sum of $4,866.18, with simple inMessrs. Peters & Lavinder for defendant,

terest thereon from June 6, 1914, Prentis, J., delivered the opinion balance due by the debtor as of that

that being the aggregate of the of the court:

date. This is the sequel to the case of

The chief contention of the apBlanchard v. Dominion Nat. Bank, 125 Va. 586, 100 S. E. 463. There

pellant upon this appeal is that, bethe appellant, who was the indorser

cause the notes provide for semiof certain notes, claimed that they

annual payments of interest thereon,

therefore the debt was usurious. had been paid. That question having been decided against him, the

No authority is cited supporting

this proposition, and so far as we case was remanded for further pro

are informed it has never been susceedings. One of the objections then urged is thus stated in that

tained by any court anywhere. opinion: “Objection is made to

This is said by the learned annothe decree appealed from, on the

tator in a note to 46 Am. St. Rep.

189: “The interest specified in ground that it is uncertain because

these statutes [referring to usury] it fails to state from what time the amounts due the [plaintiff] should

is usually designated as a certain bear interest."

rate per annum. This has never, so This point is thus decided : "The

far as we are aware, been consid

ered either as forbidding loans for decree did not finally dispose of the case, but referred it to a commis

a short period of time, or as resioner to take certain accounts,

quiring that interest shall be com

puted at yearly intervals only. On which would of necessity disclose not only the amount of the bank's

the contrary, it is well settled that claim, but the time from which it

interest may be made payable semibore interest. This decree properly annually, or quarterly, or at such ordered accounts of liens and their recurring periods as may receive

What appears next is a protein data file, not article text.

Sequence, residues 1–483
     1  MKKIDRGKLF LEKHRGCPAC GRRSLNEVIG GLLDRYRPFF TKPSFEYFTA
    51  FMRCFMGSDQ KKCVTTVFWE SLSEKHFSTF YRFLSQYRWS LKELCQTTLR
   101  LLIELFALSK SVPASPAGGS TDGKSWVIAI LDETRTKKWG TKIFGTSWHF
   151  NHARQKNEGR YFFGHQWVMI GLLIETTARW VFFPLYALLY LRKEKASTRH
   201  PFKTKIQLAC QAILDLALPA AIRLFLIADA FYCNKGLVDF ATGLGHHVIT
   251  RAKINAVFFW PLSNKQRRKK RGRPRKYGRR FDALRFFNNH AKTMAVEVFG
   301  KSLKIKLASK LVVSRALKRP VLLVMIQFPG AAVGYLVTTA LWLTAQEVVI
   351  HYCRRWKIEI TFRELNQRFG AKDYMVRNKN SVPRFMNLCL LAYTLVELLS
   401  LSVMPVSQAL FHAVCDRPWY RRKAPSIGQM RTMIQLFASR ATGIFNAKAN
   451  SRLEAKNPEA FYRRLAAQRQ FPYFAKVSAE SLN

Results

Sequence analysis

And he priority before directing a sale un

the assent of the parties." der the trust deed.”

cites numerous cases to support the

text. After the former appeal was determined and the case remanded,

In Meyer v. Muscatine, 1 Wall. the commissioner stated the account 391, 17 L. ed. 566, this is said on and compounded the interest on the the subject: "This objection has no debt semiannually. The appellant

The appellant foundation. When a statute fixes excepted to this, claiming that the the rate of interest per annum, it

interest.

has always been held that parties 46 L.R.A.(N.S.) 1157, 134 Pac. 590, may lawfully contract for the pay. Ann. Cas. 1916C, 321, it is also held ment of that rate, before the princi- that, under a statute permitting any pal debt becomes due, at periods rate of interest not exceeding 12 shorter

than

a year,”—citing per cent per annum, a note calling Mowry v. Bishop, 5 Paige, 98. for interest at the rate of 1 per cent

In Brown v. Vandyke, 8 N. J. Eq. per month is not usurious. 27 R. C. 795, 55 Am. Dec. 250, it was held L. 229. that an agreement between com- To hold that such a contract viomission merchants and their custom- lates the usury statute of Virginia ers that rests shall be made in would be to condemn contracts and their accounts quarterly, and that business transactions which are of interest should be calculated upon everyday occurrence in this state the balance thus found to be due as well as elsewhere. The statute quarterly, was not usurious, saying forbids the taking of a greater rate in this connection: “Business men of interest than 6 per cent, and must be allowed to make their own where the time is twelve months, or bargains; and when they do so un- more, there is no violation of either derstandingly, and are not en- the letter or spirit

Usury-provision trapped or deceived, their bargains of the statute to for nemlannual must be enforced. If the parties contract that the payments of dealing with commission merchants legal rate due shall agree that rests shall be made quar- be payable in instalments during terly, it has long been settled that the specified period. The point such a mode of stating accounts made is without merit. and calculating interest

is The court eliminated the comperfectly legal."